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Allegheny County Paid Sick Leave Bill

Updated: Dec 15, 2021

History of the Paid Sick Leave Bill

On Tuesday, September 14, 2021, the Allegheny County Council unanimously passed a paid sick leave bill. The County Sick Leave Bill was first proposed nearly a year and a half ago and was passed in March 2021 by a Council vote of 15-4. However, County Executive Rich Fitzgerald vetoed the Bill on the basis that the County’s Board of Health must first approve regulations before they are passed by the County Council. In July, the County Health Board passed the regulation that largely included the provisions that were previously accepted by the Council.

The U.S. Census Bureau’s statistics from 2019 show that there are 33,731 employer establishments in Allegheny County. Of that, nearly 18% of those employ 20 or more employees. The Census Bureau does not show an exact figure on how many establishments employ 26 employees or more. Therefore, it is safe to assume that a large number of County businesses will be affected by this mandate.

What the Bill Provides for Employees

The Paid Sick Leave Bill will apply to County businesses that employ 26 or more employees. The big question regarding the Bill is what employees count towards that 26-employee figure? The Bill itself states an employee will be defined in the same manner is defined in the Labor Section of the Pennsylvania code. This section of the code defines employees as “any individual employed by an employer.” However, the Bill excludes independent contractors, state and federal workers, and seasonal employees from the calculation of the size of a business’s workforce. Based on a cursory interpretation, an employer will need to count all persons they employ that do not fall into one of the above categories.

A previously passed bill already requires Employers operating within the City of Pittsburgh to provide employees with a guaranteed five (5) days of paid sick leave. Those employers operating outside the City of Pittsburgh, but within Allegheny County, must implement policies wherein employees shall accrue at least one (1) hour of paid sick time for every 35 hours worked. The accrual of paid sick time is capped at 40 hours in a calendar year unless more is authorized by the employer. Employees may carry over paid sick time to the following calendar year, so long as the paid sick time does not exceed 40 hours. An employee may use this paid sick time to care for themselves or for the care of a family member. Employees are not eligible to use this paid time off until their 90th day of employment.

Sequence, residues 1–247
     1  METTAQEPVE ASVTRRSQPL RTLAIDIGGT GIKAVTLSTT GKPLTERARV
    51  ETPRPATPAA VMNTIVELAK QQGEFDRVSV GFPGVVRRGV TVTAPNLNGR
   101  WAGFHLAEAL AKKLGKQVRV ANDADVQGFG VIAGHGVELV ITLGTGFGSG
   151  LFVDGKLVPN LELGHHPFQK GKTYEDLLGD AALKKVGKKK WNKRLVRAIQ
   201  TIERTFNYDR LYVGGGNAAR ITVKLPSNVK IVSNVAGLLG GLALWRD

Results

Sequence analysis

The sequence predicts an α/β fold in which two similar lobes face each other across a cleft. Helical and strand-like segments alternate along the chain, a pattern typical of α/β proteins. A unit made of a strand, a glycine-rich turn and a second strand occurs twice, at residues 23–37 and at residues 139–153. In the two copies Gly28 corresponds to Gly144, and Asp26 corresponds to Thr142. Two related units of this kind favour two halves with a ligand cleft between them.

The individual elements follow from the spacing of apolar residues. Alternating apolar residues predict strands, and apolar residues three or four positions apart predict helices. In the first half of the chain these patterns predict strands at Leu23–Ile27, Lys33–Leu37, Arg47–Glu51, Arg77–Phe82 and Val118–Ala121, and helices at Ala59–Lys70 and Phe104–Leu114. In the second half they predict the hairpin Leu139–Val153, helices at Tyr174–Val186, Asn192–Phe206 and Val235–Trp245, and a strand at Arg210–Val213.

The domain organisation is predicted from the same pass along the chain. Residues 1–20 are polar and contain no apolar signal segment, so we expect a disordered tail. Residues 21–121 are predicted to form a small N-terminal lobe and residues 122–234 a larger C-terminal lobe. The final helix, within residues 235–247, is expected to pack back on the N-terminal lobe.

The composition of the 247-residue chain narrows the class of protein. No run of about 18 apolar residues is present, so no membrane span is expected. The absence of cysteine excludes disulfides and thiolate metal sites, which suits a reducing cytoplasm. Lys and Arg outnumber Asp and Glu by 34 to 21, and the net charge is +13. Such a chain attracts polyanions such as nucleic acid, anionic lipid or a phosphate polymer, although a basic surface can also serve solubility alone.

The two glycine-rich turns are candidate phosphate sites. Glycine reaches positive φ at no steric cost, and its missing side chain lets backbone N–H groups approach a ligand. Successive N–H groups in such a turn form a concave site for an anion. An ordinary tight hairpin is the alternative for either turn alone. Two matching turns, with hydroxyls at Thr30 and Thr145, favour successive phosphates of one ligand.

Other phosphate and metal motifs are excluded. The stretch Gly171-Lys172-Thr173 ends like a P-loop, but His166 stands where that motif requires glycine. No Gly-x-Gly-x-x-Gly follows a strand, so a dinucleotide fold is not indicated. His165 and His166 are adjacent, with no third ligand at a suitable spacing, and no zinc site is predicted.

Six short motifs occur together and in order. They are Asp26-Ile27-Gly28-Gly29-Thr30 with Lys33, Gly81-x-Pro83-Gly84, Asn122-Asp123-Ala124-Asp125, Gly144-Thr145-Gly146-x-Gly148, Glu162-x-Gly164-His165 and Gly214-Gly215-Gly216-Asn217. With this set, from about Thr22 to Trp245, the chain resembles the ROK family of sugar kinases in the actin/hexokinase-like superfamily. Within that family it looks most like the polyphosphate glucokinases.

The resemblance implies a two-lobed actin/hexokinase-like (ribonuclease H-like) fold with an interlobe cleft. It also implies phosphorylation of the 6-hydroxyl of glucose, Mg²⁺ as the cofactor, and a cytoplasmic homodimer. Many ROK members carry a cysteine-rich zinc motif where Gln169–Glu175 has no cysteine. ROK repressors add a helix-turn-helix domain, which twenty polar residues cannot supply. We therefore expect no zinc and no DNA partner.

What the Bill Requires of Employers

The Bill mandates that employers provide several benefits to employees, but also requires employers to implement systems to support those benefits as well. First and foremost, employers are required to inform their employees of the benefits this Bill provides if it is applicable to the company. To make use of this provided time, employees are required to file a “request for leave.”

This request is to include the anticipated duration of the leave. Employers may implement their own policy that establishes how soon before an employee’s shift they must notify the employer of their absence. The default established by the Bill is one (1) hour prior to the beginning of an employee’s shift. The notification policy must be deemed reasonable and cannot inhibit an employee’s use of their sick leave. A policy will be deemed reasonable based on a variety of factors including the industry standard, shift time and length, company size, etc. However, if an employee’s request for paid leave will be three (3) days or longer, an employer can request documentation evidencing that the sick leave is being used appropriately.

Employers are also required to maintain a record-keeping procedure under this Bill. The employer must now retain records of both the documented hours worked by an employee and also a record of any paid sick time taken. These records must be kept by the employer for a period of at least two years. Violations of any provision of this Bill may result in fines of $100 per violation.

What This Means for Your Business

If your business meets the criteria of this Bill and employs 26 or more employees, then you should read the provisions of the Bill below. It is a good idea to review your current sick leave or PTO policies, if you have one in place, to see if it meets the requirements of the Bill. Employers should begin planning to either implement a new policy or overhaul their current one to make sure it is compliant. It is important to reiterate that employers must make this new policy known to their employees, and also inform them of the company’s individual notification procedure. Businesses should also verify that their record-keeping procedures are adequate to meet the requirements of the Bill.

There are various nuances in this Bill that may affect your company, but Fiffik Law Group is able to help you analyze your current procedures to make sure they are compliant and offer advice on any updates that may be necessary. We are constantly monitoring for developments on the situation and will provide updates as they arise.


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